The Shop’s work load remains high and the crew are busy. Today, they make their usual litany of brewery and distillery parts and also a brass job. Renneburg, a customer who the Shop uses as a vendor occasionally needs some brass bars rolled into circles. Rolling or curving metal is one of Renneburg’s primary skills though it is usually in steel. Brass is unusual for them. They call Eddie and soon the boys at Kavanagh’s are rolling some brass flat bars “the Easyway” into circles. The Easyway is rolling a piece across the thinnest side of the bar. The Hardway is the opposite. These rings will be used for decorative bands around furniture after they are cleaned and highly polished. Rolling metal, steel, brass or otherwise, has been a standard process at the Joseph Kavanagh Company for years and will grow in importance over time.

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Johanna Kavanagh.

July 4

A big Independence Day party is held on Lakewood Avenue. Actually, a few parties are thrown by folks on the block. The Fourth is a celebration of the nation’s birthday and a summer tradition with cook outs, steamed crabs and fireworks. The Kavanagh’s are no different and a bushel of crabs are steamed while burgers and hot dogs are grilled. Platters of assorted salads and sides add to the holiday feast. At Eddie and Annie’s house, the party includes music as well. Eddie and Jack takes turns on the piano and the family sings and the small girls dance and twirl about to the bemusement of all. Johanna is there and she is doing well. She misses her husband, Joe who died last year but she was more prepared for it than the rest of the family. Johanna is focusing on her grandchildren and their children and is happy to spend the holiday with them. As evening comes on, Eddie and Jack take the older girls, Betty and Nancy to Patterson Park for a better view of the fireworks. Jack takes turns carry them both and the other walks along hand held by their grandfather Eddie. Betty, Annie and Johanna remain at the house. Betty would not be up to the walk on her crutches though she does feel she’s getting steadier and her doctor’s prescribed workout is helping. Johanna plays with baby Mary while Betty tries to help Annie clean up. Her mother-in-law shoos Betty to a seat while she quickly puts everything away. Then they enjoy a quiet cup of tea and they sit at the front window and chat about the family and Jack. Both Annie and Johanna have always been proud of Jack. He served in the Navy and now he’s in the House of Delegates. Annie smiles brightly as Betty speaks to her of what Jack has been doing in his new position.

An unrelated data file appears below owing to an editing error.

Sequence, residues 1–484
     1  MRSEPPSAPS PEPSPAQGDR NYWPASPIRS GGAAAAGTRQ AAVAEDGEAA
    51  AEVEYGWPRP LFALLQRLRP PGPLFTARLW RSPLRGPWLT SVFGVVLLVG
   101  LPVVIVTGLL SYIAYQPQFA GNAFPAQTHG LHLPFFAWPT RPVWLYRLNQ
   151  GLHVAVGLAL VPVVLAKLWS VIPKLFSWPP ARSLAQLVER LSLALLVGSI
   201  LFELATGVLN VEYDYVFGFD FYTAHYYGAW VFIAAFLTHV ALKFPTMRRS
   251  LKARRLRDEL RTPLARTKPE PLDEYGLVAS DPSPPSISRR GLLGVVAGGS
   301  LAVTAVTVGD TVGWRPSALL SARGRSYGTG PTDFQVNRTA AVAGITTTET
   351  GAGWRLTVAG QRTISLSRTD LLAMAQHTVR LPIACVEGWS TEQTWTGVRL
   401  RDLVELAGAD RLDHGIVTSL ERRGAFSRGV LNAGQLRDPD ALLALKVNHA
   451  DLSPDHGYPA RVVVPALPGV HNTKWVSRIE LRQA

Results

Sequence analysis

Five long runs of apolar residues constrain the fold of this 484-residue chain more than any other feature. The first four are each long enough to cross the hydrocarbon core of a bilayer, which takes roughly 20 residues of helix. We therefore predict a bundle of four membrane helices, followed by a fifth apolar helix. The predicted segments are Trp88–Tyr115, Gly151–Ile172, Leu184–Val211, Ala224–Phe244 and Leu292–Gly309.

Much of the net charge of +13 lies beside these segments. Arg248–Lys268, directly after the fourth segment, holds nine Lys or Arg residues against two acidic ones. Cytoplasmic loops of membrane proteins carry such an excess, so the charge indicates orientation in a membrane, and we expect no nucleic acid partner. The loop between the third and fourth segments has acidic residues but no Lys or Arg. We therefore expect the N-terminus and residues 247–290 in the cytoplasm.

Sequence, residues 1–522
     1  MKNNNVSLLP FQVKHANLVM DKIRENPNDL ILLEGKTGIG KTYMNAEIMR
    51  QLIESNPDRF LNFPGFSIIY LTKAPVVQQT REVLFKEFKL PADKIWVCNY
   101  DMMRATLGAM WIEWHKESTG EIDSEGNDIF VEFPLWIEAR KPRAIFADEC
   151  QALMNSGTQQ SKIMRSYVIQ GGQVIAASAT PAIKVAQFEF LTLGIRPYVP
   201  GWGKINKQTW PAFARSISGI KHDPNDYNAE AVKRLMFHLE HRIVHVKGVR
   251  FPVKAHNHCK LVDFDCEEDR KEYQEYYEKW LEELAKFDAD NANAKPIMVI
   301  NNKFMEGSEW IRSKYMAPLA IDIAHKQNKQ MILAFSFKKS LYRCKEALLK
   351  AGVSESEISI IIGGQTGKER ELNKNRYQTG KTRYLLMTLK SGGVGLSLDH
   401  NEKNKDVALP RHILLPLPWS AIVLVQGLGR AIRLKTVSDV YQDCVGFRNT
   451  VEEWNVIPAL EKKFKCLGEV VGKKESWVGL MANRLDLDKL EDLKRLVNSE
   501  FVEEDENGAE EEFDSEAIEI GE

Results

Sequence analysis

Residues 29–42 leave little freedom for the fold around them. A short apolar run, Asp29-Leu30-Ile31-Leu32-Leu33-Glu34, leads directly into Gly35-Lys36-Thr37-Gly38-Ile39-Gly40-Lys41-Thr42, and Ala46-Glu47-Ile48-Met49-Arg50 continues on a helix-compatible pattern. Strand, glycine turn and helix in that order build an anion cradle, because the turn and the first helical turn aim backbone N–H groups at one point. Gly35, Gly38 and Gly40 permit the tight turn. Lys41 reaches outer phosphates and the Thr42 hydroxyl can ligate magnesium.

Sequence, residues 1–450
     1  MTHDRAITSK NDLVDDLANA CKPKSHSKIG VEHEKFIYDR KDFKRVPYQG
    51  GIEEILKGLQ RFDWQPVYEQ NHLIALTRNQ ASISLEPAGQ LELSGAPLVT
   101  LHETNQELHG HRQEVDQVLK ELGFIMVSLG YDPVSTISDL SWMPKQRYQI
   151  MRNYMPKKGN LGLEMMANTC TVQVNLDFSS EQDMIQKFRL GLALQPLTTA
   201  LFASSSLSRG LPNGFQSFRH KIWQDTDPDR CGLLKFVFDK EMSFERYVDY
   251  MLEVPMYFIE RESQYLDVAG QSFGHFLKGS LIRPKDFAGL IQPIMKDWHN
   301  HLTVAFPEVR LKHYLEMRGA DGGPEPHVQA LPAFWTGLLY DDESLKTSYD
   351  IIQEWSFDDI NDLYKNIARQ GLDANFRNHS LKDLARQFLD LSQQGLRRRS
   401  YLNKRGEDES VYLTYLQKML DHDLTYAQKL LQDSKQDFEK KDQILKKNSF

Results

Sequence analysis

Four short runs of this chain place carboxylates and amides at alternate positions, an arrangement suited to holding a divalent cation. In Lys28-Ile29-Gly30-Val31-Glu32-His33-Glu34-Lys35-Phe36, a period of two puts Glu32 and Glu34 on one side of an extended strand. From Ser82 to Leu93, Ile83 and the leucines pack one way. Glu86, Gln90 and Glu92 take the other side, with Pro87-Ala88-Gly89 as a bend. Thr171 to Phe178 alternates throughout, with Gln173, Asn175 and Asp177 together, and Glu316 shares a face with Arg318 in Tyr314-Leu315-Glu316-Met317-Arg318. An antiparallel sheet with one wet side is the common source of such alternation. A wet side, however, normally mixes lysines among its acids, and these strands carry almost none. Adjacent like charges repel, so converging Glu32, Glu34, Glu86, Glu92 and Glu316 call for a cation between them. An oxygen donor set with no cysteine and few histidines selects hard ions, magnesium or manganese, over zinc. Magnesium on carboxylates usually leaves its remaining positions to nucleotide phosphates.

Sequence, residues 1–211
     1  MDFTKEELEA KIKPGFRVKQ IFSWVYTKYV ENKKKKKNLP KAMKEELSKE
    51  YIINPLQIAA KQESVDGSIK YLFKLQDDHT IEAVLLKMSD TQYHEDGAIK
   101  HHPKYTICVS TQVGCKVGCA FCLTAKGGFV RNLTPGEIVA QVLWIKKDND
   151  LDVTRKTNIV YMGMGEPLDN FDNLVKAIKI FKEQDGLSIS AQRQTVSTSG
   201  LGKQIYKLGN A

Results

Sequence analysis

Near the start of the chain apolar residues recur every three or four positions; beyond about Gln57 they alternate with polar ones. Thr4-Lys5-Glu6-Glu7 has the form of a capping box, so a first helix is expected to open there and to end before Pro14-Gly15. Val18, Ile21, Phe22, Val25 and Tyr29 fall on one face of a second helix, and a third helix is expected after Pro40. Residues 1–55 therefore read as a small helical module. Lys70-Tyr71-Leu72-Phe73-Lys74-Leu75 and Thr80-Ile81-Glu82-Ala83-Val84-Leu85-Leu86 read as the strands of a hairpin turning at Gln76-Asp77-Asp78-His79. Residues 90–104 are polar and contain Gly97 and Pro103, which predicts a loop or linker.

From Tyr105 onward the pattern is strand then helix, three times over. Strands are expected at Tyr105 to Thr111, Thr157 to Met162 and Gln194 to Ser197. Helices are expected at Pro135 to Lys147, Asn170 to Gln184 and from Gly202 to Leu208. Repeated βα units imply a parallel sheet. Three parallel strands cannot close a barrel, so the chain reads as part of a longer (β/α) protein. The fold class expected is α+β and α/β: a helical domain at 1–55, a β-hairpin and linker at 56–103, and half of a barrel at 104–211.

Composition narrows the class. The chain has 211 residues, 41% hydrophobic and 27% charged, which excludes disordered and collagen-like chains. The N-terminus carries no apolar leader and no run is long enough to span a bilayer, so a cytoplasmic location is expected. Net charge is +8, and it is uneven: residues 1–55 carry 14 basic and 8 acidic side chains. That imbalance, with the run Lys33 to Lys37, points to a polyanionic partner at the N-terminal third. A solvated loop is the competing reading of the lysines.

“He sponsored a bill to limit liquor licenses,” Betty says to a very approving nod from Annie who was a Prohibitionist, “and he wants to find a way to limit the truck traffic on Orleans Street. It’s crazy some times down there.” Betty motions south to the end of the block.

“It is. They drive those trucks like madmen. Leave it to Jack to take care of it.” Annie beams.

Johanna, setting Mary gently down at her feet joins in, “Our Jack can do it. I’m not surprised at all he’s doing so well. Look how he was in the Navy and school and,” she raises an eyebrow in a knowing way, “the Shop.”

“Jack knows how to talk to regular folks. He will do the best for them. They trust him and he has a good way with people.” Betty answers, reaching an outstretched hand to the baby.

“He’s got a lot of Joe in him,” Annie grins and quickly glances at Johanna.

Johanna smiles back with a twinkle in her eye, “Well, let’s hope not too much…”

The room fills with the three women’s laughter at the thought of the old gent. Baby Mary’s not amused though and begins to cry until her mother gently scoops her up.

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Joseph A. Kavanagh’s business card. Circa 1915. It references both his brothers Frank and James as partners.

July 26

A large job for United States Industrial Chemicals is finished after six weeks of work. A variety of copper sheet and tube was bent, tinned and brazed at the Shop. Eddie makes note that the labor hours on this one may have gone over. It is a busy summer and some jobs are run “free style” by the coppersmith in charge with hours being approximated as the focus is getting the job done. They are making money and things are good so it’s understandable to Leo and Eddie in a busy Shop.

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The Shop’s Job book entry. US Industrial Chemical Inc. job. July, 26, 1951. First page.